Answered by Dr. Abdullah bin Bayyah | Translated by Suhaib Webb
The celebration of the birthday of the Prophet (peace and blessings of Allah be upon him) is an issue of controversy amongst the scholars. Thus, there were some who considered it a disliked innovation, a few even saying it reached the level of prohibition, and there were others who considered it a praiseworthy innovation.
This difference is traced back to a divergence concerning the division of innovation (bid’ah). Some scholars recognized the validity of such innovations and this was, primarily, the school of Imam Al-Shafi’i (May Allah have mercy upon him) and the head of this thought was Al-’Izzi Adin Abdul Salam (May Allah have mercy upon him). In addition, Imam Al-Qarafi (May Allah have mercy upon him) who was a Maliki, carried this same opinion, giving it great attention , explaining it in an exhaustive manner. In his discussion Al-Qarafi (ra) expanded the concept of innovation to included innovations that were commendable, highly recommended, obligatory and a disliked nature. Thus, he divided innovation into five parts: (obligatory, recommended, permissible, disliked and forbidden).
There were some scholars who failed to accept this division contending that, “Any innovation, if it appears, then it is repulsive in nature.” They did this by restricting the statement of ‘Umar (ra), regarding the tarawih prayers, “This is a good innovation” to its linguistic meaning. There was a large body of scholars who held this opinion such as Taqi al-Din Ahmad Ibn Taymiyyah, Al-Shatibi, in his book Al-’Itisam, and many scholars from the Maliki and Hanbali schools (may Allah have mercy upon all of them).
Finally, there were scholars who wrote in support of celebrating the Mawlid such as Al-Suyuti (May Allah have mercy upon him) and, at the same time, there were others who wrote against it. Thus, in my opinion, there is no need to drag this discussion out, nor continue to argue about it any longer.
Whoever wants to celebrate the Prophet’s (sa) birthday should celebrate it and avoid doing any action contrary to Islamic Law. This act should be done with an intention that it is not a sunna nor an obligatory act. If these conditions are observed, and one is careful not to contradict Islamic Law, out of sincere love for the Prophet (Peace and blessing of Allah upon him), then, Allah willing, there is nothing wrong with this action and this person will be rewarded.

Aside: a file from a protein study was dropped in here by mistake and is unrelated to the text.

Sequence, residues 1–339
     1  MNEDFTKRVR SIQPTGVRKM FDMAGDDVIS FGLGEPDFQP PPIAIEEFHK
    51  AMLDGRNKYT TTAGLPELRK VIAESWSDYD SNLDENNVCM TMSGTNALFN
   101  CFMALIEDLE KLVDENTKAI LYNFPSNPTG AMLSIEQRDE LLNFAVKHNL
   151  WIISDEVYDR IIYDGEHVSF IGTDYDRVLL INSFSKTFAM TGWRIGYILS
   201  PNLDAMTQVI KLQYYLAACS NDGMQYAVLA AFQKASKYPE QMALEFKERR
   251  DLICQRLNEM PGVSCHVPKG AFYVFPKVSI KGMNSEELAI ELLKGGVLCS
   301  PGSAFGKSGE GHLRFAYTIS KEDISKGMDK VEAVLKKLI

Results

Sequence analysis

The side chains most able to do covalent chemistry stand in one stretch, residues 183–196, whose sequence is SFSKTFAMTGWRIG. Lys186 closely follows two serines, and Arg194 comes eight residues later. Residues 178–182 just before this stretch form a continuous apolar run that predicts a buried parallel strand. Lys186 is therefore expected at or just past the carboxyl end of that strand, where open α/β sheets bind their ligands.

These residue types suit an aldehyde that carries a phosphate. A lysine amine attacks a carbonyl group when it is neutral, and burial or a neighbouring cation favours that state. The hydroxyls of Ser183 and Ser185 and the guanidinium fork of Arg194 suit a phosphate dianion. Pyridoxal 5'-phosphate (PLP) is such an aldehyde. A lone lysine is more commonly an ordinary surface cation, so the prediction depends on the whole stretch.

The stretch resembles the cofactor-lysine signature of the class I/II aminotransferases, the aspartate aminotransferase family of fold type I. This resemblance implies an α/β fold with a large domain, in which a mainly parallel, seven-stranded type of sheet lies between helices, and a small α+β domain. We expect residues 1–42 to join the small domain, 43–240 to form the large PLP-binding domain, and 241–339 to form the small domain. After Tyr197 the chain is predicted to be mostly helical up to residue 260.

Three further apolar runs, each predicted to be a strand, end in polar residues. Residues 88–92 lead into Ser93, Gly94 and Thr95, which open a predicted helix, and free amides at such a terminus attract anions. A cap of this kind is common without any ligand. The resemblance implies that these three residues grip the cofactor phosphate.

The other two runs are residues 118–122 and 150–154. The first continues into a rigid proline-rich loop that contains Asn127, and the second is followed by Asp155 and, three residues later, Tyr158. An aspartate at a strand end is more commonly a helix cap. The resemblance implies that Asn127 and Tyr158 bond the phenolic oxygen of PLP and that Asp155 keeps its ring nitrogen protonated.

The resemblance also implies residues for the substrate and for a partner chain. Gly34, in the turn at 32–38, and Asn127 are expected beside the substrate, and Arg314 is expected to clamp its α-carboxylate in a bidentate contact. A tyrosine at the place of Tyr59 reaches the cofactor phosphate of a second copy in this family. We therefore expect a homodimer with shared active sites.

Commenting on this, the Shaykh of Islam Ibn Taymiyyah (May Allah have mercy upon him) said, “Indeed, such a person will be rewarded because of his intention.” Likewise, for the one who shuns this celebration, seeking to cling to the sunna out of fear of falling into innovation, then this person will also be rewarded, Allah willing. It is important to note that this is not a big issue. Nor is it necessary to give it more attention then it deserves.
Our attention towards this issue is directed towards uniting the Muslims and curbing these differences. We base this understanding on facilitation (for both sides) and ease. This ease is not founded on an empty premise, but is referenced directly back to the Quran, traditions of the Prophet (sa), the fundamental objectives of Islamic law, and the order of the Prophet (sa) to work towards unity between others. If a contentious issue arises pertaining to a matter, we exercise great consideration and respect for both sides. This consideration is not simply an act of being overly accommodative, as some contend, or attacking those who hold weak opinions. But, this respect and consideration for differences is guided by the fact that both opinions are based on proofs from Islamic Law. In some regards these proofs are clear, and in other regards the opposite holds true. Thus, some (scholars) have provided evidences for these acts’ legitimacy, and others hold proofs for the opposite. In conclusion, our stance is that both are on goodness, Allah willing, as long as this act is not mixed with some type of evil and the intention is correct.
Allah knows best.